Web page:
Re-shafting a driver occurs in almost all golfers, especially those improving in skills, like swing speeds. But one of the main reasons for re-shafting is a broken shaft.
Broken shafts may happen because of bad swings or low-quality shafts that have reached their life. Sometimes, it may be intentional: We have witnessed hot-headed golfers cracking their clubs on their knees out of frustration.
Golf is not only a game of wit and endurance: patience is also a great virtue applied to the game.
But, what is the cost to re-shaft a driver? Our quick estimate shows the usual labor cost ranges from $25 to $45 per club. Then you should add the price of a new shaft and grip, which may vary according to your preference.
Find out the details below on the varying costs of re-shafting a driver. You ought to know them.
This video will teach you how to re-shaft a golf club at home:
How Much Does It Cost To Re-shaft A Driver?
Graphite shafts are more expensive to maintain than steel shafts. Broken or fractured shafts are the reasons a golf shaft might need re-shafting. It is also possible that when your swing speed changes abruptly: you need to re-shaft the club.
A rough estimate for re-shaping may cost you a typical range between $25 and $45 per shaft. That is for the labor cost only:You should add the price of a brand-new shaft. A brand-new driver shaft may range between $15 and $415.
The low price range for the new shaft is a budget option, while the higher range option is typically for professionals.
The cost may vary widely depending on the type or material composition of the shaft and the grip replacements. One of the admirable features of graphite shaft is that it does not break easily.
In comparison: re-shafting irons cost around $15 to $25 per club. The estimated amount is only for the labor cost of fixing your iron shaft. Brand-new iron shaft and grip may cost between $12 and $98. If you do re-shafting yourself (DIY), the cost drops dramatically.
We recommend the Aldila NXT GEN NV .335 Graphite Driver Shaft as one of the finest shafts for beginners.
Read more: Best Golf Drivers of All Time
Can Golf Drivers Be Re-shafted?
Yes, it can be! But, the process is not like tying your shoelaces, if you know what I mean. It also depends on your golfing skills: If you are a beginner, we recommend re-shafting your driver if it is broken. We also advise you not to spend too much on re-shafting. There is a possibility you will improve your skill soon: you might need a different shaft.
The other reason your shaft needs re-shafting is when a sudden change in your swing speed is noticeable. Also, when you lately observed your shots keep ballooning, it may be time to re-shaft your driver.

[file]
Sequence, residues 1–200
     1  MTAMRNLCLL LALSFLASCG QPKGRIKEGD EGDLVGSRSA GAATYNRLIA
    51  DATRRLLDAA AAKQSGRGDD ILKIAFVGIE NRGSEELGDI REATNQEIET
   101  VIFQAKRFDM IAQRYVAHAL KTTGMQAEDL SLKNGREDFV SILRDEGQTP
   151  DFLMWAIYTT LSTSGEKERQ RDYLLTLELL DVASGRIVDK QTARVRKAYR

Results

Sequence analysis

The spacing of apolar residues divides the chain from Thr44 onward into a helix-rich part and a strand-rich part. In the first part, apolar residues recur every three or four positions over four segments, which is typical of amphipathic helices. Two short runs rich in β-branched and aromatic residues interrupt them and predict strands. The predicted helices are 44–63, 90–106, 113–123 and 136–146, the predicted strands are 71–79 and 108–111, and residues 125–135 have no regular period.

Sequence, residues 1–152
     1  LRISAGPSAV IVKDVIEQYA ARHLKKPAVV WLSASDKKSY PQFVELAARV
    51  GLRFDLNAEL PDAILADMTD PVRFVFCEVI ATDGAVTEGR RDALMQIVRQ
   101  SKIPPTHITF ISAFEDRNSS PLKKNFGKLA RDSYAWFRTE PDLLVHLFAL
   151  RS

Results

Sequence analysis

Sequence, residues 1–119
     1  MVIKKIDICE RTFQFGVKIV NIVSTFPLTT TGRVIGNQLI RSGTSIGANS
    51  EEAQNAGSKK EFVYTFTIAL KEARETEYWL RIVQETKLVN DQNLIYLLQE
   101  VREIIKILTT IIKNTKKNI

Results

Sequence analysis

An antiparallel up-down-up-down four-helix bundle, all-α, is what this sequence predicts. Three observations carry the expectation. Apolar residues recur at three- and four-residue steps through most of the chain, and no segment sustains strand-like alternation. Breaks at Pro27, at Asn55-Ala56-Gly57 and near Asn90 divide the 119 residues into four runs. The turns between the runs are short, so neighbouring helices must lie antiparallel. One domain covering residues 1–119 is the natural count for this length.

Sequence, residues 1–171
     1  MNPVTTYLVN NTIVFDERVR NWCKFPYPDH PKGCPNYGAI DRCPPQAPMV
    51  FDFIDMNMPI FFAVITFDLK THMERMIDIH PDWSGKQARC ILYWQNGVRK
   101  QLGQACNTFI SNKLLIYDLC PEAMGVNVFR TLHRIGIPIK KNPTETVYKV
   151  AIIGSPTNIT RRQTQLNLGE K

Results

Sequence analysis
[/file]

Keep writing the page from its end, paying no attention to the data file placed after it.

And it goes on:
But let us remind you that adjustable shafts have a more elaborate process of replacing than non-adjustable club shafts.
Should I Re-shaft My Driver Or Buy A New Driver?
The sides of the shaft may crack at any time, especially when it accidentally hits a hard object, such as a tree or a rock. If the crack is only on one side re-shafting is a good choice. But if the shaft is broken at the center or on both sides, it is better to buy a new one (driver).
How Often Should You Re-shaft Your Golf Clubs?
High-quality golf shafts may last up to ten years, even when you use them too often: You should take good care of them religiously. Golf clubs need periodic cleaning, keeping them dry during storage, and polishing them when required.
Another way to keep a golf club safe from damage is to ensure you do not hit it on hard objects. Graphite shafts are more resilient to tear and wear, so you should not worry about re-shafting them too often.
As we have stated, consider re-shafting when it is broken or shattered and if it suddenly changes your swing speed.
Ways to Save Money Re-shafting Your Driver
Manufacturers offer a warranty for problems on products occurring within a specified period. If the cause of the problem is due to defective manufacture, you may avail of the product warranty. The manufacturer has to replace your club. You can save a lot doing this, but ensure that the damage is not your fault.
Another way of saving money re-shafting is by doing it yourself. Re-shafting might not be easy, but various online videos teach how to do it at home. You can check the one we gave above.